Basically there’s an extent to which T.I.M.E Stories (and incidentally I’m beginning to really resent having to put a dot between all the letters in “T.I.M.E.” every time – sorry, every t.i.m.e. – I type the name of the damned game, and I know I could copy-paste it but it’s the principle of the thing) isn’t really one game and its expansions so much as a set of loosely interconnected games with similar mechanics. It’s sort of like the Telltale Games series on PC. Just because you like the one about zombies doesn’t mean you’ll like the one about knights (actually it’s a lot like the Telltale Games series).
Aaand I look back and notice that I’ve spent the best part of a thousand words saying “newsflash, different people like different things.” I am awful at blogging.
Before I move on to the individual reviews, I do have one final throwaway comment to make about the game’s monetisation model. I’m still a bit torn about a game that’s designed around expansions that cost £18 and can only be played once, since I’m used to getting more play out of most games. But I have just realised that in the past few months I’ve bought a truly staggering number of expansions for Eldrich Horror, and since I’ve yet to beat the same Old God twice, I’m not totally sure that I can say All the Eldrich is any better an investment than All the T.I.M.E. Stories. In fact I’m pretty sure it’s worse if I look at it objectively.
Anyway, on to those scenarios.
There will be some spoilers from here on. I will do my best to flag them up.
Under the Mask
I’m doing these in the order I played them, which isn’t publication order (The Marcy Case was unavailablefor a long time). The first scenario we played after Prophecy of Dragons (and the last one we were able to get our hands on for several months, because the game seems to go out of print with a slightly worrying regularity) was Under the Mask.
I don’t remember a huge amount about Under the Mask, partly because it was a long time ago and partly because it doesn’t have anything like as many obvious hooks as the other games. Indeed it was in listening to other people’s reviews in order to remind myself about the scenario that I discovered quite how polarising it seems to be amongst players.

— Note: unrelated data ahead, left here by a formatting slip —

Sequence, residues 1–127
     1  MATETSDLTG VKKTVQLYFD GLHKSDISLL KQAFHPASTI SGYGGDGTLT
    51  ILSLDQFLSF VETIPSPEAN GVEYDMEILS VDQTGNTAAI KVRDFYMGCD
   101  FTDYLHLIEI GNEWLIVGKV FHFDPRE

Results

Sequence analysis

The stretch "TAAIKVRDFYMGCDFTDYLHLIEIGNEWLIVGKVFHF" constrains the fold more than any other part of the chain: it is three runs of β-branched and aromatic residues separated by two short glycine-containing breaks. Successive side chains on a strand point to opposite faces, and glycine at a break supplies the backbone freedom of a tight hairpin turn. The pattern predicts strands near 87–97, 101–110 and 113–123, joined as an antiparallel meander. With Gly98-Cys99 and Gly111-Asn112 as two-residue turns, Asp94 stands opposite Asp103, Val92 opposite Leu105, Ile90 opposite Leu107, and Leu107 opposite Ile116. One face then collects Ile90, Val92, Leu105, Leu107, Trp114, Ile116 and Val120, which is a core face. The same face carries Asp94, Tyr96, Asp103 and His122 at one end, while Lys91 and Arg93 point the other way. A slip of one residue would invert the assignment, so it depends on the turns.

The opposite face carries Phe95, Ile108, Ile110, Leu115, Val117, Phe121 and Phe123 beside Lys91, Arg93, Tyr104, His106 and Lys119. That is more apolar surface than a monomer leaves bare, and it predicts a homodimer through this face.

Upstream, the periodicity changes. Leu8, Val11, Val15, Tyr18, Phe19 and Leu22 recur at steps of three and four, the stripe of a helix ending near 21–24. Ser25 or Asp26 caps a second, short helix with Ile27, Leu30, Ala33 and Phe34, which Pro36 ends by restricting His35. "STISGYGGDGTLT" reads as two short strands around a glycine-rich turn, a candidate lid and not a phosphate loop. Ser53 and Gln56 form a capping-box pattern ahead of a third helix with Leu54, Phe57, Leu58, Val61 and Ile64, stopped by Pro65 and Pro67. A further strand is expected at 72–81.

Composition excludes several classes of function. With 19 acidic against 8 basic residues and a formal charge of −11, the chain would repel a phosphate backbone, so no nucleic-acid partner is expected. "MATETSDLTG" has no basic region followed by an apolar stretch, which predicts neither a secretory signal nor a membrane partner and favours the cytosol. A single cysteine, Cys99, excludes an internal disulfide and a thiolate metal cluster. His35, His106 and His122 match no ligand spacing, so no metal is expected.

Under the Mask is a bit of an anomaly amongst T.I.M.E. Stories scenarios. Virtually every other story is basically just a well-explored narrative genre lightly dusted with the game’s framing device. Indeed of the four other scenarios, three seem to be inspired directly by specific tabletop roleplaying games (Asylum is explicitly a tribute to French RPG Malefices, the new expansion Expedition: Endurance is clearly a Call of Cthulhu scenario and Prophecy of Dragons is Dungeons and … well, you get the idea) and the one that isn’t is about zombies. And zombies are in everything.
By contrast, Under the Mask feels strangely low-key, and also unusually well integrated into the broader context of time travel. One of the reviewers I watched for research suggested that they were disappointed that the game wasn’t more like the late ’90s Mummy movies – you never get attacked by anything undead, never encounter a swarm of flesh-eating scarabs, and you’re never cursed by anybody. Instead you do things like visiting the dyer’s district and giving people wooden toys for their children. Personally (having been, I admit, a bit twichy about the potential for cultural appropriation), I was really happy that the designers seemed to have decided to treat Egypt as a real place where real people actually lived, rather than as some kind of movie set. Although I suppose it’s a bit ironic that this team of French game designers produced a simplified but ultimately sympathetic and down-to-earth portrayal of New Kingdom Egypt while presenting 19th-century Paris as a Grand Guignol full of satanists and evil doctors.